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ARTICLE

E-1 in Iceland

in Olympus E-System , Friday, July 23, 2004

For most of the past four weeks I have been travelling around Iceland with my Olympus E-1 (and Hasselblad Xpan). I shot 2700 frames, about 26Gb of Raw files, and used all 3 E-System zoom lenses. The camera behaved perfectly all the time, and stood up to rough handling and repeated soaking without a whimper. Using the battery grip, I found that one charge was good for up to 700 frames, which is quite exceptional. One peculiarity I found was that when the low battery warning appeared, turning the camera off, leaving it a few minutes, and turning it on again appeared to give the battery a very significant new lease of life. I changed lenses often, in a sometimes very dusty environment, and the sensor cleaner worked perfectly. I have not found any evidence of dust on any of those 2700 frames, which I think is more than can be said for the people I spent some time with, who were all using Canon or Nikon systems. The E-1 looks a bit lonely amongst all these big D1s etc. But when you point out that the 50-200, coupled to the 1.4 converter, gives a 35mm equivalent 560mm lens, they look very thoughtfully at their huge 70-200 IS lenses!

Iceland_LLWS_040703_011.jpg
Early morning light over Kjalfell, Iceland, July 2004.

Whilst I got some good photographs, on the whole I was a bit disappointed with the results. Partly due to technique, partly due to tripod problems I suspect, I ended up with an embarassing number of out of focus shots. I also had problems with the eyecup falling off, and the diopter moving. But in general the camera behaved very well - it was just the photographer at fault. What is interesting is that I have just had a first look at the 12 rolls of slide film I shot with the Xpan. It is indisputable that my success rate here is much higher. This may be because I'm much more familiar with the Xpan. It may also be because I'm a more naturally "panoramic" photographer (I suspect this may have something to do with it). But I won't give up with the E-1. It is a wonderful camera to use, and when I get things right, it delivers. I suspect a little more practice on auto focus, and learning to use AF lock might help a bit. We shall see...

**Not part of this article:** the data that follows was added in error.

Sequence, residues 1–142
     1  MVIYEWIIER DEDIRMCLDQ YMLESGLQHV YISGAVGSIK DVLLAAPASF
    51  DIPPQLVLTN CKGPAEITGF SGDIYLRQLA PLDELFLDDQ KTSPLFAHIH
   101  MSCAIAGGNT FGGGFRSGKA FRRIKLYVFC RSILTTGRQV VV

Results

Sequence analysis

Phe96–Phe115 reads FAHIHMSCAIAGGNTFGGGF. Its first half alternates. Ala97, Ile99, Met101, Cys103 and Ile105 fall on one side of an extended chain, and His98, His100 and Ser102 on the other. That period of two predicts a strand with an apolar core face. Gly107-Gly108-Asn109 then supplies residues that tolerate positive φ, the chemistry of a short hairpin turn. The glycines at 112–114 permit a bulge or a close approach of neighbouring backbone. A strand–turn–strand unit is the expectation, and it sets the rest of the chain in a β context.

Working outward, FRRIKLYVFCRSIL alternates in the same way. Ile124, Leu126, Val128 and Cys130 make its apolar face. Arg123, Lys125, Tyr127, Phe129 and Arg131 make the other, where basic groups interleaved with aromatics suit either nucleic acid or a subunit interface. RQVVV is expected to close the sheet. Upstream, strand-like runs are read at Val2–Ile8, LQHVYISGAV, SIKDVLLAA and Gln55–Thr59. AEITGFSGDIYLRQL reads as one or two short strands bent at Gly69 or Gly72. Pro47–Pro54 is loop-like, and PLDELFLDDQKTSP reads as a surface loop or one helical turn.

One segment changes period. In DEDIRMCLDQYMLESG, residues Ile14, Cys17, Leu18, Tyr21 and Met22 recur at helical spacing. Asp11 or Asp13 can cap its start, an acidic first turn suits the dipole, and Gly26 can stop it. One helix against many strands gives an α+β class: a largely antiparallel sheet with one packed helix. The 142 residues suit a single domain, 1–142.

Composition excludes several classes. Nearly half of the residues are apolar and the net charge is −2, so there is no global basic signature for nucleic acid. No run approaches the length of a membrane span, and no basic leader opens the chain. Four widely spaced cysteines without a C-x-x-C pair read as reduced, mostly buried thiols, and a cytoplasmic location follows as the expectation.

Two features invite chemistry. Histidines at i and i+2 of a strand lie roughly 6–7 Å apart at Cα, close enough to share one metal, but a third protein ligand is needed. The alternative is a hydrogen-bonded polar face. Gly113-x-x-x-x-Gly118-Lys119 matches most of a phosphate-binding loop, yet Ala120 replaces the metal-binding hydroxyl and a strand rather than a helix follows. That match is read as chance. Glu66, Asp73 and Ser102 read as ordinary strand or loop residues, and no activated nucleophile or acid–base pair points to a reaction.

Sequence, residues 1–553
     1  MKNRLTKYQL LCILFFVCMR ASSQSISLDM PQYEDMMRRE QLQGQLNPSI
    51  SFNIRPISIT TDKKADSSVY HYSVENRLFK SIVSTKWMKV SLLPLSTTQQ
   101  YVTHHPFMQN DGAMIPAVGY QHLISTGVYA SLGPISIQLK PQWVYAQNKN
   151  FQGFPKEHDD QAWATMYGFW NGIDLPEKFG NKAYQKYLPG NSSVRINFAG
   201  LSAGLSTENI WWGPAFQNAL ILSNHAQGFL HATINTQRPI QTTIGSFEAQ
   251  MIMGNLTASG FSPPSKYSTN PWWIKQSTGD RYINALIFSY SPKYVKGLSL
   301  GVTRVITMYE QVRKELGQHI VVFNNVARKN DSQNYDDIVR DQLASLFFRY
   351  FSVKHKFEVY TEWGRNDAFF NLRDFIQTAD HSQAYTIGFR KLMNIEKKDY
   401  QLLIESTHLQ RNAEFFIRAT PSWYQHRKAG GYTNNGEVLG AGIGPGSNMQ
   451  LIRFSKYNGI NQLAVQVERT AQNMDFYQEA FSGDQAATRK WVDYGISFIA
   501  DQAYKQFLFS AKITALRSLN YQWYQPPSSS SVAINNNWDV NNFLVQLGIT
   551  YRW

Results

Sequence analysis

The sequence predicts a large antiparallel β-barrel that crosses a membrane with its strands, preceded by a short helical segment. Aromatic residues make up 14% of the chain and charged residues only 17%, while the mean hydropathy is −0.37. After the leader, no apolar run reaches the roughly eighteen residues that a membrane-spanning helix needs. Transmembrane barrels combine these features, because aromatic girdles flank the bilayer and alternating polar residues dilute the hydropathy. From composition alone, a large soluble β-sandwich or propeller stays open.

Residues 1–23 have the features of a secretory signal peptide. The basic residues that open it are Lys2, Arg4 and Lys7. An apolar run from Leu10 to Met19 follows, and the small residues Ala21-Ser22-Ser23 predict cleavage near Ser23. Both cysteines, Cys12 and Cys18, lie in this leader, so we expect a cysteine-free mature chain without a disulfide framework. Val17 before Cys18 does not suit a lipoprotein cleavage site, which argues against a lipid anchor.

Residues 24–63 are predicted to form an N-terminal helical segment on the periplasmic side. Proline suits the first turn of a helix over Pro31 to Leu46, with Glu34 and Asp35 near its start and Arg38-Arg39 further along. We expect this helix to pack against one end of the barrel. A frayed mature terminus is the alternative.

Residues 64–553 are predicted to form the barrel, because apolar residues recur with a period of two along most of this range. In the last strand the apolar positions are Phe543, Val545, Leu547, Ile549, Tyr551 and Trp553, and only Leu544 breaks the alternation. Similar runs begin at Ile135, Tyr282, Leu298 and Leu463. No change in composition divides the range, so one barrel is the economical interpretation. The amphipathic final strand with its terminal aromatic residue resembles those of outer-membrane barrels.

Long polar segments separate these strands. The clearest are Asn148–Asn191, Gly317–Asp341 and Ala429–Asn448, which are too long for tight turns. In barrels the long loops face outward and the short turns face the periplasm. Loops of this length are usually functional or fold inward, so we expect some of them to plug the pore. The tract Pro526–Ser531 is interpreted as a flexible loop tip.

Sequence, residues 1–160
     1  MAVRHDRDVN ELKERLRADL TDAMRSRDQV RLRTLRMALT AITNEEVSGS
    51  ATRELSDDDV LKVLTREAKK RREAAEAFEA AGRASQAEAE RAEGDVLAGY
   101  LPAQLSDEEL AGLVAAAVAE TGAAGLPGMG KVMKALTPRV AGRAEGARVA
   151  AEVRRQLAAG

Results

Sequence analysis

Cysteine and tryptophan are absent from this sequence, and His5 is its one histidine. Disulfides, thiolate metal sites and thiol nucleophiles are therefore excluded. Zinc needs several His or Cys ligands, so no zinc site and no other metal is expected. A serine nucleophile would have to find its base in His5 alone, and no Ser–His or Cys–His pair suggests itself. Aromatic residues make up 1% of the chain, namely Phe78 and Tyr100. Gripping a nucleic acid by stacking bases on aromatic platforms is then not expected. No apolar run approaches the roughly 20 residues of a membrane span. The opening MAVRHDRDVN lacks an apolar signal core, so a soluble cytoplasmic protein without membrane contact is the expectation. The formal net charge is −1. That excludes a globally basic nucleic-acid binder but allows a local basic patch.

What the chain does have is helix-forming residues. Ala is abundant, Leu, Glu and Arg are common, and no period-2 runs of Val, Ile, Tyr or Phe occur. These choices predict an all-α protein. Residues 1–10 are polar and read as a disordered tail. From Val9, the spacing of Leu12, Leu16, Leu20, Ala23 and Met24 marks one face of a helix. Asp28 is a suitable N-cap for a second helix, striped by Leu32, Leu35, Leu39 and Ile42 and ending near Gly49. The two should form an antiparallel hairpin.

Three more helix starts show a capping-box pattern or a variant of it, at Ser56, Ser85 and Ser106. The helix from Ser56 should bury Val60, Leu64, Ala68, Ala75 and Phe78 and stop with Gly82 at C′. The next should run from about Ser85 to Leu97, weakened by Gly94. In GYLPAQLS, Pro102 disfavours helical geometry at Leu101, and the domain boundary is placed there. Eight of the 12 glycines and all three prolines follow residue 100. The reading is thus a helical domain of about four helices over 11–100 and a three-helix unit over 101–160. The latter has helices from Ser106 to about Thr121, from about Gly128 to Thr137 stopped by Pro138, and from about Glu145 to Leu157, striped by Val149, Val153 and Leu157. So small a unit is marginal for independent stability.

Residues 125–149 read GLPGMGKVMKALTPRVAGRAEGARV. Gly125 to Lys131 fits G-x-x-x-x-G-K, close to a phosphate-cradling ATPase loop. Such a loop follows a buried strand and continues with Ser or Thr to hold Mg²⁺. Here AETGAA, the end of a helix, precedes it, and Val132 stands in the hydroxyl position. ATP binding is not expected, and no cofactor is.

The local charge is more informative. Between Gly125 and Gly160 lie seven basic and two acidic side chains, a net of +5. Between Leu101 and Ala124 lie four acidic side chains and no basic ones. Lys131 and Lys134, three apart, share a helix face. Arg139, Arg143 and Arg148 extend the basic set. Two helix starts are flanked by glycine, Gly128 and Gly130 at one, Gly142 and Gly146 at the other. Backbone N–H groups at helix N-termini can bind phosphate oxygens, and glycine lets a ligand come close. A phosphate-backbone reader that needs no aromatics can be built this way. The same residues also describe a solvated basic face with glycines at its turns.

Posted in category "Olympus E-System" on Friday, July 23, 2004 at 08:50 PM

Older Comments

from Joseph KOKOT on Sun, July 25, 2004 - 5:11

Hello David,
from my experience with AF cameras, I would suggest that one should expect much lower rate of in-focus pictures vs. manual focus. Although it sounds bizarre, it is not that strange, you put much more effort in making sure your X-pan is in focus, don’t you? I had a lengthly conversation on that subject with one of my pro friends recently, and had to accept that as a reality by myself…
(Total number of pictures taken is a very different subject.)
Just thinking about it might change the situation radically.
Another suggestion - turn the option S.AF+MF on in the f1 setups in the camera’s menu or just try working with a MF for a while.

Check the eyecup, there might be something wrong with it, mine sits solid where it is supposed to, so it does not change the diopter either.

Regards,

Joseph

PS
thanks for your log! it is just GREAT.

from david mantripp on Mon, July 26, 2004 - 3:30

Hi Joseph,

Thanks for your kind comments.

Actually about the very first thing I did when I switched on the E-1 for the first time was to work out how to go into AF+MF mode :-)  ....and then just MF.  AF is actually not a no-brainer if you want to use it creatively, and so far I haven’t really got to grips with some of the intricacies. So I tend to prefer to just trust my eyes…problem is, when it’s dark or when I’m tired, or when the diopter has slipped, mistakes happen. On the diopter point, I think what happens is that it shifts when I re-seat the eyecup. Quite a few people have complained about the eyecup falling off - initially I didn’t see this, but after a while it started happening. I nearly lost it one - had to retrace my steps to find out where I’d dropped it. Probably something that needs to be considered on long trips - carry a spare!

For focussing the Xpan, it is very different, since it is a rangefinder not an SLR. Actually 90% of the time I use hyperfocal focussing, which can be a bit disconcerting at first, especially on an SLR, as it can seem like the subject is out of focus. I use this as well with prime lenses on my Canon T90. The problem is that on zoom lenses hyperfocal is tricky, and none of the E-1 zooms have focussing scales. Even the focus setting “window” is fairly useless. But this is common on almost all zooms these days.

David.

from Joseph KOKOT on Fri, July 30, 2004 - 2:31

Hello David,
I should use same words Jack Nicholson used somewhere in “A Few Good Men”...
Obviously you know much more about photography than I do. To learn more I did some experiments with my camera and hyper-focal focusing today. And so far learned what you already know: that focusing scale on digital zuikos is useless! I’ll try some more shooting tomorrow because have hard time to believe what I see so far…
I want to try the adapter ring for 4/3 as well sometimes in the future.

Regards,  Joseph

from Joseph KOKOT on Tue, February 15, 2005 - 11:49

Hello David,
‘ts been a long time since I posted my remarks. Truth is could not get back to these experiments I hoped to do the next day… My strong impression was that at least 14-54 does have more DOF towards the camera than behind the “subject” - point of focus.
I also did a bit of shooting with Nikkor 20-35 f2.8 but could not get to replicating the very same test - just “time frames”. However these captures did not seem to have similar problem were all as sharp as my hands are fast… Then that Nikkor is in a different ligue. Apologize for wasting your time.

Regards, Joseph